I used a linear track in The Dark Eye 4.1 to account for the number of skill points that went into the project with each roll during a campaign, as it was easier to do than to keep track of summed-up numbers of these points as the game suggests.
The Evil Plan's progress
The clock can show the progress of the adversary. Whenever a clock segment is filled, the adversary has achieved a certain goal. When the clock is filled, they have fulfilled a major target. When a given number of clocks is full, the adversary won. Players need to finish the adventure before the adversary wins, and if the adversary has filled clocks, each one makes the final showdown harder.
Assume that one group is hunting another. The running group needs to fill their clock to reach a specific point of safety. The hunting group succeeds the moment they have the same number or one more segment filled than the hunted group (depending on the rules used). Success on the rolls fills the respective clock, possibly by more than one segment each.
Or you do this with one clock as a tug-of-war, speaking of the distance between the two: The clock starts half-filled. The group that wins their roll either fills (hunting) or empties (running) one or more segments. If the clock is full, the trackers catch their prey, if it's empty, the group got away.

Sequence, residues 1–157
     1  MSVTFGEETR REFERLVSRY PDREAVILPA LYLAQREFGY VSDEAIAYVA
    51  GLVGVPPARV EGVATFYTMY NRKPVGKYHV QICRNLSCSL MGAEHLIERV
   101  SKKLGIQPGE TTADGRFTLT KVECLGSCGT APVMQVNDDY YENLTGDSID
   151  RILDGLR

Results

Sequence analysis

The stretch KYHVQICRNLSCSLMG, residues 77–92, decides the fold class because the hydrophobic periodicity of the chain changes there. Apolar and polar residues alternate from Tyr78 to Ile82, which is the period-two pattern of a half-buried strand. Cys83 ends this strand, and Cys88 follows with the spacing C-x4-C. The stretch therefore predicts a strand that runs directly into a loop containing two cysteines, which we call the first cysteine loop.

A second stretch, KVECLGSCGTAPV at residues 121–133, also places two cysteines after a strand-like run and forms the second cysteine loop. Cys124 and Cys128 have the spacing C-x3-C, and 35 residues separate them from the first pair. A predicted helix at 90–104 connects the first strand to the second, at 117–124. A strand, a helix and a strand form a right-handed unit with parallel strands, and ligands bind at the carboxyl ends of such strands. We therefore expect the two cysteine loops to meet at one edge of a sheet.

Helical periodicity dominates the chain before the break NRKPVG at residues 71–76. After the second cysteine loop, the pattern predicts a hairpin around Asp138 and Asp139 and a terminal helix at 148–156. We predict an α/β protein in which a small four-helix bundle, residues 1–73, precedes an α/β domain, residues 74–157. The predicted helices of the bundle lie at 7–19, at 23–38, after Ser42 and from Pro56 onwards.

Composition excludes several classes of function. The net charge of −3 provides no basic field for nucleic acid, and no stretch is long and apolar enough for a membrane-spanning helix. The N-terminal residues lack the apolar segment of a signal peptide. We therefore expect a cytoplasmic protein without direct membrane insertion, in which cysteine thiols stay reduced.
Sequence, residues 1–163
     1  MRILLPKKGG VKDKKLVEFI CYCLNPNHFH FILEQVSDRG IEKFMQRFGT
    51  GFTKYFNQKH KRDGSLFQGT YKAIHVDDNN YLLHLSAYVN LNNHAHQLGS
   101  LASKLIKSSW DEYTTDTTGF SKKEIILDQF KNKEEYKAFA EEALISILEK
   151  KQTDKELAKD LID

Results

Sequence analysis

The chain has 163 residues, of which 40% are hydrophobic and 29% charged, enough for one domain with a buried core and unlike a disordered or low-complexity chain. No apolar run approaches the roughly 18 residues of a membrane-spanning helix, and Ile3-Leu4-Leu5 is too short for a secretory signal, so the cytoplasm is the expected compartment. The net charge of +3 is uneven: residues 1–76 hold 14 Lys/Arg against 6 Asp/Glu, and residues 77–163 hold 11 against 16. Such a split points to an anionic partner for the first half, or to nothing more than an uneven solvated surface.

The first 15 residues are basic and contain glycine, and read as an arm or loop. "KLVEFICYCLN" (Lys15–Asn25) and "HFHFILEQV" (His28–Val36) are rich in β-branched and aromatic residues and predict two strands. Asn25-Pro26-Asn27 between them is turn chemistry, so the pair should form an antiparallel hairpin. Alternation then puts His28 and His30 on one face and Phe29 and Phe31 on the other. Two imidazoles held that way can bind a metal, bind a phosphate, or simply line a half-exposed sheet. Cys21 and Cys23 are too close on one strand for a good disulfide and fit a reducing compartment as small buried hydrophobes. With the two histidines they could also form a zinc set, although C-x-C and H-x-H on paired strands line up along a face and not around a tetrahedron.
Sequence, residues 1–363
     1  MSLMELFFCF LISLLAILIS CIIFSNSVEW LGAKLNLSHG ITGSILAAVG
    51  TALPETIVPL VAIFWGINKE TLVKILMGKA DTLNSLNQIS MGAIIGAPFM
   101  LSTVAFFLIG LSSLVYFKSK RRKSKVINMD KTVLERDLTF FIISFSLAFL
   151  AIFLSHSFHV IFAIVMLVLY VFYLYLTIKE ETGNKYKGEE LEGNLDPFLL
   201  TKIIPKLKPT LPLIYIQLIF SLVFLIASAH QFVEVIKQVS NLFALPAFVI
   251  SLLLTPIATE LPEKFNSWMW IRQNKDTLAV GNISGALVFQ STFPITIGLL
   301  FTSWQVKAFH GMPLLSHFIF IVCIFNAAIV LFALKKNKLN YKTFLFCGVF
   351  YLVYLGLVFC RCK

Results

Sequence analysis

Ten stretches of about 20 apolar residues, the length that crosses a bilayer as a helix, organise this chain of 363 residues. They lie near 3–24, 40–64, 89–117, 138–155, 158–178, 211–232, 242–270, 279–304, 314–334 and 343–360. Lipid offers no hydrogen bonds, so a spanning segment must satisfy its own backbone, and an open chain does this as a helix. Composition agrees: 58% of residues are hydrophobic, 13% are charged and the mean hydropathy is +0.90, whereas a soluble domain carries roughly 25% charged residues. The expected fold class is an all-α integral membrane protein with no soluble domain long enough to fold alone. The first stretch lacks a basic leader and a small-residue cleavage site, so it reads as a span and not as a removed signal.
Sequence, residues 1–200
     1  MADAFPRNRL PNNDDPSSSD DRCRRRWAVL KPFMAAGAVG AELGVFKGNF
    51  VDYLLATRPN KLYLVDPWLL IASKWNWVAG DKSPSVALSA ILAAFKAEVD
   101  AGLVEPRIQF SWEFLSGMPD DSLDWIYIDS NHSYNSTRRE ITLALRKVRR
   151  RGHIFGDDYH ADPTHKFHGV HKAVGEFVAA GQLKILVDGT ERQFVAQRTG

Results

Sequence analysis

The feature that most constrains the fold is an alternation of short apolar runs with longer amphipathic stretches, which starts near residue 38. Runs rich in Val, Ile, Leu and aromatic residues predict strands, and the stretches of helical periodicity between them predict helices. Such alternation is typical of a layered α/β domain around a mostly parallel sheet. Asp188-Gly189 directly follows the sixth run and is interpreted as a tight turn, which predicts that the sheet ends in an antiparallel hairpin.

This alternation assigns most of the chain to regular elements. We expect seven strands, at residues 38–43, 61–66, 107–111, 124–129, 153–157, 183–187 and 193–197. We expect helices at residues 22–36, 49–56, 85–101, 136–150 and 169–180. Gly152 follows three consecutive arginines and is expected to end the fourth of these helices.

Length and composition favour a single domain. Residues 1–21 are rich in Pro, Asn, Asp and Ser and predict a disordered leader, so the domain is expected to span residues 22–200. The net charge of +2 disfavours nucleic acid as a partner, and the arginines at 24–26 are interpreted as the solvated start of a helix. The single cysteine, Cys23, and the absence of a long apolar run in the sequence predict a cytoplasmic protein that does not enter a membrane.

A different type of clock is for tracking resources. A barbarian's rage is X minutes? Make a clock with X segments and using a minute of rage fills one. Do you have spell slots? Visualize them as clocks or tracks. Do you play a game with ammunition and non-bottomless magazines? Make a clock out of it! Because a track is nothing but a linear clock. And once your reset condition triggers... empty the clocks. This is in my experience adequate, even if you track highly volatile resources.
Technically, this isn't a fully separate type from Time or Progress Clocks, but a subtype. In general, it's a device for a GM to get players to pay attention or create suspense. It might track something, for example, the time or progress through a dungeon, but once the clock is full, nothing happens.
However, it might be useful anyway if you play with narrative descriptions, such as tracking the time of day that is outside of the dungeon. While such a clock has no mechanical impact, it can help with immersion and thus get the players' heads into the game.
1 - See the official Shadowrun Character sheets for 1st Edition, 2nd Edition, 3rd Edition, 4th Edition 5th Edition, and 6th Edition
2 - Shadowrun 5th Edition, Core rules, 2nd printing, p.232